Review: Heartbreak House
Image: Union Theatre
Helen Anker - Hesione Hushabye
Lianne Harvey - Ellie Dunn
Toby Spearpoint - Randal Utterward
Ben Porter - Manzini Dunn
J.P. Turner - Boss Mangan
Mat Betteridge - Hector Hushabye
Francesca Burgoyne - Lady Utterward
James Horne - Captain Shotover
Alison Mead - Nurse Guinness
Richard Harfst - The Burglar
George Bernard Shaw's Heartbreak House is a comedy about the deceptions and meaningless pursuits of England's ruling class and an entertaining political commentary about what happens when socialites, tycoons and drifters collide in the pre-World War I British countryside.
Expect the unexpected in this rare revival.
This revival of George Bernard Shaw's play, first performed in 1920, is part of a 3 month season entitled Essential Classics at the Union Theatre, directed by Phil Willmott.
It's Mr Willmott's third version of the Essential Classics formula which aims to produce works by great writers of the past who have 'reflected on issues we face today'.
Carmen will follow from 7 February to 10 March, with Chekhov's The Cherry Orchard due from 14 March to 7 April.
Heartbreak House isn't produced that often so, if you're a fan of Bernard Shaw's work, or even if you're just curious about it, then this production is worth seeing on that count alone.
It also fits neatly alongside Chekhov's play, The Cherry Orchard, which is due later in the season, since Bernard Shaw claimed his work was written in 'the Russian manner', imitating some of Chekhov's style.
Watching Heartbreak House, I couldn't help agreeing with Michael Patterson's verdict of the play in his 'Oxford Dictionary of Plays' that this is, possibly, Shaw's "most enigmatic play", largely because his intentions are not nearly so clear as they ought to be, even if political matters feature prominently.
The play is set in the country house of bohemian hostess Hesione Hushabye.
Her home, though, seems largely governed by her 88 year-old inventor father, Captain Shotover, a former sea captain who hoards dynamite which lies all around Justin Williams and Jonny Rust's impressive, multi-level set.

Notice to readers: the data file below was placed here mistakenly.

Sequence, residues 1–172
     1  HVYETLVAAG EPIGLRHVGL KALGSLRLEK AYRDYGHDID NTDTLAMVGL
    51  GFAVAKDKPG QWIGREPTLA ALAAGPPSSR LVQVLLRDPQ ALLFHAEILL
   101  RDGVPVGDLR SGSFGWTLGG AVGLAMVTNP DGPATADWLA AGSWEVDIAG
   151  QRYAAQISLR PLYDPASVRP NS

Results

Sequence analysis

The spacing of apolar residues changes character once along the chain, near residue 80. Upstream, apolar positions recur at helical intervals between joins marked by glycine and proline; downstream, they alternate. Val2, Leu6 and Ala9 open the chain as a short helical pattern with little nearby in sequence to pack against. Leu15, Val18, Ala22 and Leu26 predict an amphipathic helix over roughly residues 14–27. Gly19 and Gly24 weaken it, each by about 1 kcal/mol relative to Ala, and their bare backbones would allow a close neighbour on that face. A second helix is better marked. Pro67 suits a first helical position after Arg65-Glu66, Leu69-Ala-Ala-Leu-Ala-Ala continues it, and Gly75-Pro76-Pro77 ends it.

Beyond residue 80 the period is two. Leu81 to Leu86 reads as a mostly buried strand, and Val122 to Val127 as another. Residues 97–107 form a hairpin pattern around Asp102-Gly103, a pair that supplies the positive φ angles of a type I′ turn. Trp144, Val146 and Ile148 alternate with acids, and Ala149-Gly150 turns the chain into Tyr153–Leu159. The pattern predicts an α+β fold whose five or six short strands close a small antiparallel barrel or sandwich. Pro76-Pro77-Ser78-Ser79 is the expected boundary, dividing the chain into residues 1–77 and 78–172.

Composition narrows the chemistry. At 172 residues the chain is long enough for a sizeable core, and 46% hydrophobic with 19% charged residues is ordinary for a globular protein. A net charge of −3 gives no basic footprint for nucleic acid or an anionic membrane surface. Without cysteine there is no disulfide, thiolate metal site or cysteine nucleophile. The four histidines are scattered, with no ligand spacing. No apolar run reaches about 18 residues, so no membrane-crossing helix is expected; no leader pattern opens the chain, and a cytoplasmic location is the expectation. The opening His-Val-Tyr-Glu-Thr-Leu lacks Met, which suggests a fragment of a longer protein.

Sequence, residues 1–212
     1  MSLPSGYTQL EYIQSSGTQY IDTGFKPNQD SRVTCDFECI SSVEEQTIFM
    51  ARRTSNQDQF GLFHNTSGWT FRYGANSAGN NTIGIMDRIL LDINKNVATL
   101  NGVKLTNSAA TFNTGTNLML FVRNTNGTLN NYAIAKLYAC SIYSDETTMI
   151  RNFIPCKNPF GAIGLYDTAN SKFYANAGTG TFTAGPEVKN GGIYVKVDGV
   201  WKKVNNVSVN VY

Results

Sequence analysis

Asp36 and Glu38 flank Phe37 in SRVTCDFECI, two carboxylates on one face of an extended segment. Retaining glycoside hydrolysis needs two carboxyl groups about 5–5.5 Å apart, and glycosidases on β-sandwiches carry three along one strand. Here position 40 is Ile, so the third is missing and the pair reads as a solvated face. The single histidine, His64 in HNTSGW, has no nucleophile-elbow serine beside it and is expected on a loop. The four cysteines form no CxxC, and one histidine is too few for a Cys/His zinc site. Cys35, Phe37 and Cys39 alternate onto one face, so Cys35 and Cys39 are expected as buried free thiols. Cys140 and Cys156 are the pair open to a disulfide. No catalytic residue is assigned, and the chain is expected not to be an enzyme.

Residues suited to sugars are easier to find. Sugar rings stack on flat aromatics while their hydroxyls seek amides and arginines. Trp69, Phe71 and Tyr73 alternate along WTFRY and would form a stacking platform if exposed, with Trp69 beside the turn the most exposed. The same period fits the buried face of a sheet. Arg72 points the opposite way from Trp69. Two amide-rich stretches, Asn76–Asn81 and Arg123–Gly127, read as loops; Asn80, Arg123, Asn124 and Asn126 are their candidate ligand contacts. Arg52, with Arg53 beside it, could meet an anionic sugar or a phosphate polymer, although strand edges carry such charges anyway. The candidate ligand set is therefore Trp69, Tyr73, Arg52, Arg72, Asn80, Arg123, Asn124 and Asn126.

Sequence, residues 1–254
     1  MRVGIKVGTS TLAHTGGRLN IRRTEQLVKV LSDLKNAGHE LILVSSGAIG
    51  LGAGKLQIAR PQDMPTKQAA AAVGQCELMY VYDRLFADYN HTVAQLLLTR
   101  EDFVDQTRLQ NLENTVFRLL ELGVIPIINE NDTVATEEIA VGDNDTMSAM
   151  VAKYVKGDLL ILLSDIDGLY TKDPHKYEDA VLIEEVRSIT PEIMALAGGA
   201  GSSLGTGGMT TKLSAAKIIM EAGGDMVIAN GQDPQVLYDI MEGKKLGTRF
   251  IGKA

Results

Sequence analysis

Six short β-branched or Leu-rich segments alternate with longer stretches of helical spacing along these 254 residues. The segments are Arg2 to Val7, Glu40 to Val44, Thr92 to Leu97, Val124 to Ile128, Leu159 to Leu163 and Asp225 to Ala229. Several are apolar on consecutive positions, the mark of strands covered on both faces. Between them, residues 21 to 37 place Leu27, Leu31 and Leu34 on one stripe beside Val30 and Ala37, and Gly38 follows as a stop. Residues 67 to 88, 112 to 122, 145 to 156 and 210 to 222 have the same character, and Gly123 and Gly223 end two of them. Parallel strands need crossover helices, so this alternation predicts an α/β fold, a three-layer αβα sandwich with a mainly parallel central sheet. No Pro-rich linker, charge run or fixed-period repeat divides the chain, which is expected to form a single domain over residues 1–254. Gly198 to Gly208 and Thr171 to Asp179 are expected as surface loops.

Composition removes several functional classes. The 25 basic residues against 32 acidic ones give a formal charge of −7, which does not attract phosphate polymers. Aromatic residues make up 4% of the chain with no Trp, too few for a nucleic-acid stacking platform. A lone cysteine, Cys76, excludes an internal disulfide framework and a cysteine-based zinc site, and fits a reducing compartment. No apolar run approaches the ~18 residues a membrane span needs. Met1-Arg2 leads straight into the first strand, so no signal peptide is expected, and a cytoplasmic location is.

Captain Shotover sits aloft in what appears like the bridge of a ship interjecting from time to time in the events unfolding below him as his daughter's guests and family interact.
Ellie Dunn is a seemingly naive young woman who is planning to marry a much older businessman called Boss Mangan, claiming that she owes it to him as he helped her father, Mazzini Dunn.
Later, though, we learn that she's more attracted to Mangan's wealth and the security it can afford.
However, as Mangan is pressed by the other members of the gathering he admits to having no money of his own but merely invests the capital of others into business ventures that he sets-up and controls.
Now that is where things start to go adrift, suggesting to me that Bernard Shaw might not have appreciated the reality of the nature of enterprise and capital.
Even acting as an agent for others, Mangan surely must have benefitted financially on his own account, even if only in terms of bonuses and commission - think of bankers today and the huge sums they make from such payments.
Moreover, the obviously hard-nosed businessman oddly succumbs to something akin to a mental breakdown as he's taunted and quizzed by others in the house.
And I just don't buy that, even if the aim is to show he's not quite so brutal as the other characters (and the audience) might imagine.
Another oddity in the play is the sudden intrusion of a burglar who, it transpires, is not aiming to steal, but goes around breaking into houses of the well-to-do to extract 'contributions' from them in order to avoid the social embarrassment and inconvenience of having to go to court.
Phil Willmott's well-cast and assured production seems to embody a clearer vision of the play, feeling initially like the last night of the proms as stirring, patriotic tunes are heard before it begins.
But lying half-covered in a corner of the set sits the Union Flag discarded, certainly neglected and ignored, suggesting that national identity, political vision and strategy are key themes but play second fiddle to the bohemian frivolities of the leisured classes.
James Horne ably and humorously describes the bluff, octogenarian, rum-drinking Captain Shotover whose rantings about navigation seem to illustrate Shaw's political message.
There's good work from Helen Anker as the unconventional hostess who doesn't mind her husband's dalliances with other women - at least on the face of it - and Lianne Harvey impresses as a young woman who demonstrates she is not nearly so naive as we initially believe, and much more assertive, if not manipulative.
Bernard Shaw's play is rather thin on comedy, even if it's often categorised as a comedy of manners.
And Phil Willmott's watchable and engaging version can't muster any extra humour, even if it is clearly focused on the political themes that echo present-day concerns about our national direction and governance.
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ActDrop listing for The Union Theatre
Our show listing for Heartbreak House
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